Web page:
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Ritchie Capital Management, L.L.C. v. Kermath

United States District Court, N.D. Illinois, Eastern Division

June 1, 2017

RITCHIE CAPITAL MANAGEMENT, L.L.C., Plaintiff,
v.
JOHN KERMATH, Defendant. JOHN KERMATH, Counter-Plaintiff,
v.
RITCHIE CAPITAL MANAGEMENT, L.L.C., AARON ROBERTS THANE RITCHIE, and PLAN ADMINISTRATOR FOR THE RITCHIE CAPITAL MANAGEMENT, L.L.C. BENEFIT PLANS, Counter-Defendants.

          OPINION AND ORDER

          SARA L. ELLIS United States District Judge.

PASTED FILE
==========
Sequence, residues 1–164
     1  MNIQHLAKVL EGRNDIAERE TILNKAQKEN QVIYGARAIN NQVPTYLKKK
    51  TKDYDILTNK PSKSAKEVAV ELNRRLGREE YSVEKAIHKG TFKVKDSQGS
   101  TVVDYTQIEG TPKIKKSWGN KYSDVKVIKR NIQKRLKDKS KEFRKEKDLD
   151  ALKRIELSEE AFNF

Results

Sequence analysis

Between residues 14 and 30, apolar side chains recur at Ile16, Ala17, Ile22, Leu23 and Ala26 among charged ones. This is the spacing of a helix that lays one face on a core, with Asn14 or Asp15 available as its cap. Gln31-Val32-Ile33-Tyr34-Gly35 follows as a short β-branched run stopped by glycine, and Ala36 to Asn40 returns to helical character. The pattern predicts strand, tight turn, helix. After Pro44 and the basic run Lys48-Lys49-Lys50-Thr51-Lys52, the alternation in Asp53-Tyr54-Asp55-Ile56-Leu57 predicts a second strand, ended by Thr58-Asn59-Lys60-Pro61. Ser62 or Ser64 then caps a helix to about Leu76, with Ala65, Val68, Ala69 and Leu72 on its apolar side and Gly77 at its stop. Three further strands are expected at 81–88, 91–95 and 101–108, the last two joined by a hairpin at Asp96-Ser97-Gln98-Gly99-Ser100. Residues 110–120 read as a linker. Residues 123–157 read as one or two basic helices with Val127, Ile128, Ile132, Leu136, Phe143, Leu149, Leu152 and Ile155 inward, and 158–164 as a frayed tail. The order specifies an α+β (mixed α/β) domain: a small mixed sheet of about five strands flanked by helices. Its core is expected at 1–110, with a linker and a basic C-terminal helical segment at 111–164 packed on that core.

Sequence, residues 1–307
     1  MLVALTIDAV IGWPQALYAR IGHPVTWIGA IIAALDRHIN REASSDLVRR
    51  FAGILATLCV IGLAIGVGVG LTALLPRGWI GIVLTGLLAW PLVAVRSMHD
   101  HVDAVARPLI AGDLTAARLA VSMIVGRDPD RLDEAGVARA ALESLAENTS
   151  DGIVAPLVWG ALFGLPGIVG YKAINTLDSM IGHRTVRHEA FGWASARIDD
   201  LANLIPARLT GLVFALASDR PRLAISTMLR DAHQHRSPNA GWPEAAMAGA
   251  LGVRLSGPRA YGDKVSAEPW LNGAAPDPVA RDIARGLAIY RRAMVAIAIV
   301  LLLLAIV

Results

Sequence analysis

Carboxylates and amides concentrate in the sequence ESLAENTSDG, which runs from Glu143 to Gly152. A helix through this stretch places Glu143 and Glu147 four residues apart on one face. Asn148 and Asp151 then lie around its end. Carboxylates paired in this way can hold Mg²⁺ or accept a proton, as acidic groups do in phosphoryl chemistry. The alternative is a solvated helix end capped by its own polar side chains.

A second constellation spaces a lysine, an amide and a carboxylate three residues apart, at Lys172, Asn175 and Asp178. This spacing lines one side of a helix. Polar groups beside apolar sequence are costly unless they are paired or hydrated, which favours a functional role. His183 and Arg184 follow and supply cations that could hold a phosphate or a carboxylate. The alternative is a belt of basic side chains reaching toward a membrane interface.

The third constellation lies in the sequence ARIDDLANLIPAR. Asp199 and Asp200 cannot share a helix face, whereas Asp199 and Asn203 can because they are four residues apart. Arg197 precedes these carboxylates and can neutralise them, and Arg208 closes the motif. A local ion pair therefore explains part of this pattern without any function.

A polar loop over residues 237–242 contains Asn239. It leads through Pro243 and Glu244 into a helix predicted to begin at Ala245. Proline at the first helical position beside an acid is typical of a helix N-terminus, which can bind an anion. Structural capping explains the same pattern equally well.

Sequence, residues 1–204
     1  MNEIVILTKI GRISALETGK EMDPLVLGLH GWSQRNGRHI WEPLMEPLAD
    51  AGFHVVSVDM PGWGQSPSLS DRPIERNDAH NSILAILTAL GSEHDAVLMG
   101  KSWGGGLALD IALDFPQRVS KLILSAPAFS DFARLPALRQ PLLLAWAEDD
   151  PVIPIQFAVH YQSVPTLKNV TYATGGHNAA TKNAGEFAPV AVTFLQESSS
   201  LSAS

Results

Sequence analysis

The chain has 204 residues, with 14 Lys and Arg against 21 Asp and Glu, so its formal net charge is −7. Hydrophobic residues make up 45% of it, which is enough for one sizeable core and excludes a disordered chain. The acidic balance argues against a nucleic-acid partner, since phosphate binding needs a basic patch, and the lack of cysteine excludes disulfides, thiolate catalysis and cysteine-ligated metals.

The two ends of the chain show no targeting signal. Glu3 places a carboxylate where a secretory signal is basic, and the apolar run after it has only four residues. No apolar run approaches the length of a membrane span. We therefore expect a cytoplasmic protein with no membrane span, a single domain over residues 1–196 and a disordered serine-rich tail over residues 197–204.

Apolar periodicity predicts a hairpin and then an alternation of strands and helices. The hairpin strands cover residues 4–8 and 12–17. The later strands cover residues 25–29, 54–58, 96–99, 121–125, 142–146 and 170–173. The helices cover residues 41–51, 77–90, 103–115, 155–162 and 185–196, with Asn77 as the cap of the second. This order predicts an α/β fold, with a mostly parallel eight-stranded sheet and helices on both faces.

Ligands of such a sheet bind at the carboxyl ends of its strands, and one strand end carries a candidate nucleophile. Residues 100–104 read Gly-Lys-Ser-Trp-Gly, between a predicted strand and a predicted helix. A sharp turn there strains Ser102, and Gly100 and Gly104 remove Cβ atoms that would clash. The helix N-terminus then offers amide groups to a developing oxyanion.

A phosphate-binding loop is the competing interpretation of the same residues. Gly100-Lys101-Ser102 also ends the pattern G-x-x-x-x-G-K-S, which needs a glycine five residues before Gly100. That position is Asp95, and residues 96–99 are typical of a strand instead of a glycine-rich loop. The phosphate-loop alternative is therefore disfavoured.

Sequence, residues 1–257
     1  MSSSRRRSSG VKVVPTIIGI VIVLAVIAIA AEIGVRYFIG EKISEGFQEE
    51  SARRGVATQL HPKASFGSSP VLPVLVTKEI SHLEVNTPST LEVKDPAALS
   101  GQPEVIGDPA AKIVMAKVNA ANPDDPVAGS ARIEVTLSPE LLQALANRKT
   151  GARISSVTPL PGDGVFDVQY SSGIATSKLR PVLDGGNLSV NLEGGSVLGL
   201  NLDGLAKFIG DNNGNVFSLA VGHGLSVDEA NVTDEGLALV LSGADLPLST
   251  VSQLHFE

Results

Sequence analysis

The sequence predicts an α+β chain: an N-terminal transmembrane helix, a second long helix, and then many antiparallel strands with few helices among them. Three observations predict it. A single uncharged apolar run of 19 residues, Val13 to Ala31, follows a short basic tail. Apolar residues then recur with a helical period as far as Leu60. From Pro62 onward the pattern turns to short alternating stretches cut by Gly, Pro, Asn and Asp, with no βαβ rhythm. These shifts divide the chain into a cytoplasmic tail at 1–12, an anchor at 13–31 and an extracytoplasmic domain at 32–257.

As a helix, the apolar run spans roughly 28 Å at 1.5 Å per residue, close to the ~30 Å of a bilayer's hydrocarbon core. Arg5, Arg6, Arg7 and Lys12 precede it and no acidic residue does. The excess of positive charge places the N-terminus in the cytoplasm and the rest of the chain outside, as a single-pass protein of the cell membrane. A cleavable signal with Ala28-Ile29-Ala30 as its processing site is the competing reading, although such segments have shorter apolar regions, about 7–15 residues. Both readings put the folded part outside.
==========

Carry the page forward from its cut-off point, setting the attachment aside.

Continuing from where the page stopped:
Ritchie Capital Management, L.L.C. (“Ritchie Capital”), an investment management company, filed suit against John Kermath, its former president, for misappropriating Ritchie Capital's confidential and privileged information. Kermath filed amended counterclaims against Ritchie Capital, the Plan Administrator for the Ritchie Capital Management, L.L.C. Benefit Plans (the “Plan Administrator”), and Ritchie Capital's founder and former chief executive officer, Aaron Roberts Thane Ritchie (“Thane Ritchie, ” and collectively with Ritchie Capital and the Plan Administrator, the “Ritchie Parties”), seeking to recover benefits arising from his alleged misclassification as an independent contractor while working for Ritchie Capital, in addition to outstanding wages, bonuses, and other employment-related compensation he did not receive when he left Ritchie Capital's employment.[1] Kermath brings claims for unjust enrichment, promissory estoppel, and violations of the Employee Retirement Income Security Act (“ERISA”), 29 U.S.C. § 1001 et seq., and the Illinois Wage Payment and Collection Act (the “IWPCA”), 820 Ill. Comp. Stat. 115/1 et seq. He also seeks a declaratory judgment that his agreement with Ritchie Capital was void ab initio. The Court previously dismissed Kermath's ERISA and unjust enrichment claims without prejudice and limited his IWPCA claim to unpaid wages and bonuses. See Doc. 74. The Ritchie Parties move for dismissal of the declaratory judgment, ERISA, unjust enrichment, and promissory estoppel claims, and argue in a footnote that Kermath cannot resurrect his IWPCA claim for unused vacation time.